5 unexpected Jewish moments from the Oscars

Gabe Friedman

Sarah Silverman speaking onstage during the 88th Annual Academy Awards at the Dolby Theatre in Los Angeles, Feb. 28, 2016. (Kevin Winter/Getty Images)

Sarah Silverman speaking onstage during the 88th Annual Academy Awards at the Dolby Theatre in Los Angeles, Feb. 28, 2016. (Kevin Winter/Getty Images)

This year’s Academy Awards were predictably defined by the debate over the lack of diversity among the nominees. Host Chris Rock and multiple award presenters kept the theme running throughout most of Sunday night’s show.

Jews got in on the joke, and contributed a few surprising Jewish moments too. Below, we give you five times Jews stole the show on Hollywood’s biggest night.

1. Sarah Silverman explains her James Bond “mishegas”

The Jewish comedian has never appeared in a James Bond film — but as a presenter, she related the “mishegas” she experienced after having “intercourse with James Bond followed by never hearing from him again.” She chalked up her fictional Bond rendezvous to the fact that 007 might have a thing for “heavy Jewish boobs.”


2. Sacha Baron Cohen brings back Ali G 

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Sacha Baron Cohen — the Jewish mastermind of the beloved comedic characters Borat and Bruno, among others — was not involved in any of the nominated films this year, but that didn’t stop him from making a splash. He resurrected his old character Ali G (of “Da Ali G Show”) as a presenter to tackle the diversity issue. “I know what you was thinkin’ when I walked on: Here comes another token black presenter,” the white comedian said. He went on to ask why there weren’t any Oscar nominations for “all people of all colors,” like “them very hard working little yellow people with tiny dongs.” He clarified: “You know, the minions [from the popular animated film “Despicable Me”].”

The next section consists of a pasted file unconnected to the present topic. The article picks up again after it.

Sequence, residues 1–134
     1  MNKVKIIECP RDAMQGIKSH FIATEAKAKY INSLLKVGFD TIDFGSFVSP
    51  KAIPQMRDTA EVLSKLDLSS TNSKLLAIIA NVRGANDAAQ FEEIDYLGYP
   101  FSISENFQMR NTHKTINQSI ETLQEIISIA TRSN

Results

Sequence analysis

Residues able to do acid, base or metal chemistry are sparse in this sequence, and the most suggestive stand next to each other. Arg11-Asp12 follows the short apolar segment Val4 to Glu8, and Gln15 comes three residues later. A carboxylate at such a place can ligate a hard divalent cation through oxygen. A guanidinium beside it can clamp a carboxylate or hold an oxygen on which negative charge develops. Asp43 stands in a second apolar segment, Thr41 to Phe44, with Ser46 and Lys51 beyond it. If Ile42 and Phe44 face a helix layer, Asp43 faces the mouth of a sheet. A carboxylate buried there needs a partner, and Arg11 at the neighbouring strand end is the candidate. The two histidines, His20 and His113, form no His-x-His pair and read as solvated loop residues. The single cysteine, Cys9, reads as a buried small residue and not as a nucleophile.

3. “Son of Saul” gets a curious send-off

It was a triumphant night for the team behind “Son of Saul,” the Hungarian Holocaust film that won Best Foreign Language Film. But when the movie’s Jewish director Laszlo Nemes was ushered off the stage to “Ride of the Valkyries” — a composition by the notoriously anti-Semitic German composer Richard Wagner — the questionable juxtaposition was blasted on Twitter.

4. “The Big Short” writer thanks his wife — in Hebrew

Charles Randolph won the Best Adapted Screenplay award for his work on “The Big Short.” The non-Jewish writer punctuated his acceptance speech in a Jewish way — with a salute to his Israeli actress wife, Mili Avital, in Hebrew. “Ani ohev otach, Mili [I love you, Mili],” he said.

5. Jack Black steals Will Smith’s spotlight

When Chris Rock introduced a video of Angela Bassett entitled the Oscars’ “Black History Month Minute,” the audience was expecting a tribute to actor Will Smith. Bassett began to rattle off a series of Smith’s accomplishments and films he had starred in.

“We honor someone who has shattered barriers with his groundbreaking performances,” she said.

But in the end, the mystery subject of the video turned out to be none other than Jewish comedian Jack Black, whose career has a surprising amount of overlap with Smith’s.

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